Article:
Introduction Ensuring food security for a growing global population is not only about producing more food, but also about reducing the enormous amount of food that is either lost or wasted. Globally, one-third of all food produced is either lost or wasted. Ecosystem degradation is yet another form of food loss as it inhibits the ability of food producing ecosystems to provide optimal yields. Ecosystem degradation may alone account for the loss of food supply for up to 2.4 billion people by 2050. Salinization and soil erosion are already blamed for grain yield reductions that could have provided the annual calorie needs of 38 million people. The long-term solution for the increasing demand for food for a growing population lies in optimum food production through sustainable ecosystem- based management practices and in strategies to reduce food waste and losses.
Ecosystems and food provisioning Ecosystems and the services they provide are the building blocks of human food supply. Ecosystems can be described as a dynamic network of plants, animals and microorganisms that interactwithanddependoneachother. Humansareapart of that system and depend on its many functions and benefits, which are commonly referred to as ‘ecosystem services’. Ecosystem services can be grouped into four major categories: provisioning services such as food, water and medicines; regulating services such as soil erosion and flood control, carbon sequestration in forests and coastal protection; supporting services, such as water cycling and nutrient dispersal and cycling; and, cultural services, which refer to the spiritual, recreational and cultural benefits received from nature (MA 2005). Ecosystems such as forests, agricultural land, pastures, freshwater and marine systems have a direct link to food provisioning because this is where people farm, pick, hunt or fish for food. Animals, insects, roots, fruits, mushrooms, vegetables and berries, which are found in forests, provide the main livelihood for an estimated 60 million indigenous people (FAO 2012a), while an additional 410 million people derive subsistence and income from forests (UNEP 2011a). Agricultural ecosystems, which cover an estimated 40 per cent of the world’s land surface (Power 2010), provide the basis for subsistence and commercial crop and livestock production. According to the Food and Agriculture Organization of the United Nations (FAO) about 3 billion people in the world live in rural areas, where around 2.5 billion depend on agriculture for their livelihoods (FAO 2013a). Almost 45 million people derive their livelihoods directly from captured fisheries and aquaculture, supplying the world market with 148 million tonnes of fish and seafood every year, an amount that is enough tomeet 15 per cent of the annual animal protein needs of 4.3 billion people (FAO 2012b).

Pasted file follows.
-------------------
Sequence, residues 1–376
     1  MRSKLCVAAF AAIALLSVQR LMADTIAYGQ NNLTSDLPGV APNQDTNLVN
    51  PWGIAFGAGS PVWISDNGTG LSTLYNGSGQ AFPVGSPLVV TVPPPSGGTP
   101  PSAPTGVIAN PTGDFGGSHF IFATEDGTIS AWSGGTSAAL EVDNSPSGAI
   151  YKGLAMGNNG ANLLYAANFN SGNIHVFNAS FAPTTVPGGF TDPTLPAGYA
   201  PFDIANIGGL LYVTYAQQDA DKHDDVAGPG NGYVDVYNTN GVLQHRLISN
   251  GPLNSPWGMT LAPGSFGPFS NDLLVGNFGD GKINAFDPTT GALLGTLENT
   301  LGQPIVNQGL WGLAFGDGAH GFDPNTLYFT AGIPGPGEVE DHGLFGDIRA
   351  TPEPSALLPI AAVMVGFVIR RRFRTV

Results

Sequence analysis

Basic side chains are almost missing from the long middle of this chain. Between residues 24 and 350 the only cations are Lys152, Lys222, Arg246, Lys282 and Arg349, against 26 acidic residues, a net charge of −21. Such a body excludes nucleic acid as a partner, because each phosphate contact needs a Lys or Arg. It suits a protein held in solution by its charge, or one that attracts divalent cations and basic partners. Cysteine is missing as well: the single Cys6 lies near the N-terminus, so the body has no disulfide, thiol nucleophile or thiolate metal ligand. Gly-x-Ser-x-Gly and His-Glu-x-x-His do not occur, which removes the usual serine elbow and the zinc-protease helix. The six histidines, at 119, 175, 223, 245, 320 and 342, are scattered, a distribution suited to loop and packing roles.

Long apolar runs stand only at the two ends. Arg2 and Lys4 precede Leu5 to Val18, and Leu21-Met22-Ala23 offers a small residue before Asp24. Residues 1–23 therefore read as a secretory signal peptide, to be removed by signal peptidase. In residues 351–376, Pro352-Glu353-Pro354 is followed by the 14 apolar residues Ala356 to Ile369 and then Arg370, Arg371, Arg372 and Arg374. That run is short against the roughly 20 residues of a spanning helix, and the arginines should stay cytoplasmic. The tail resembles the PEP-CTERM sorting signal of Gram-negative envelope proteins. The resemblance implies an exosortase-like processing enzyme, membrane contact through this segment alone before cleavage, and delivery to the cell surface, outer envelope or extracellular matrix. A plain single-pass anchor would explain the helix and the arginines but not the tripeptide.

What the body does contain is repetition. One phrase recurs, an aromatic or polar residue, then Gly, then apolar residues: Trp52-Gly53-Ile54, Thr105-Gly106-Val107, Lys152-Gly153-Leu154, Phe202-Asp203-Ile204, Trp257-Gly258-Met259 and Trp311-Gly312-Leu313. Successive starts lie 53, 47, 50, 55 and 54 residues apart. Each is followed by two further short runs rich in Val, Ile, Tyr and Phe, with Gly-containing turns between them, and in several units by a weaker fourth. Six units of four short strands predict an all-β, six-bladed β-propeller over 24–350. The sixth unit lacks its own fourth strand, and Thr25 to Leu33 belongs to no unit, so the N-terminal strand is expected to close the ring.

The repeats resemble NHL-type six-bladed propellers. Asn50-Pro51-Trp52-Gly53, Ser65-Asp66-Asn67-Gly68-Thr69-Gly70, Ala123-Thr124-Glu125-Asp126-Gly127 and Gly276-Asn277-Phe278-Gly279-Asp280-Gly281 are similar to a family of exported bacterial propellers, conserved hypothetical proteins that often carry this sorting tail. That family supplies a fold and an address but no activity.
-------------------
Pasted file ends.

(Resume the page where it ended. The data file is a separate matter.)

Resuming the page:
that are important for food provisioning. These include, amongst others, mountains and mangroves. Mountains are the source or catchment areas of the majority of the world’s great rivers, which supply freshwater for more than half of the world’s population (UNEP-WCMC 2002; Price 1998). This freshwater is essential for downstream agro-ecosystems and forests, as well for the generation of energy needed in food production processes. Mountain water is particularly critical
Defining food loss
Food loss due to environmental degradation – Potential or absolute decrease in food production caused by environmental degradation. Such losses also refer to food that will never be produced due to the degradation of ecosystems. Food loss – A decrease inmass or nutritional value of food that was originally intended for human consumption. These losses are mainly caused by inefficiencies in the food supply chain such as poor infrastructure and logistics, lackoftechnology, insufficientskills, knowledge andmanagement capacity of supply chain actors and lack of access to markets. Natural disasters also cause food loss. Food is lost during pre-harvest production, post- harvest handling and storage and processing Food waste – Food appropriate for human consumption, which is discarded, whether or not after it has been kept beyond its expiry date or left to spoil. Food waste is often due to food having been spoilt, but it can also be for other reasons such as oversupply or individual consumer shopping/eating habits. Food waste occurs at distribution and household consumption levels.
Besides agricultural, forest and aquatic ecosystems, the main systems that provide food, there are other ecosystems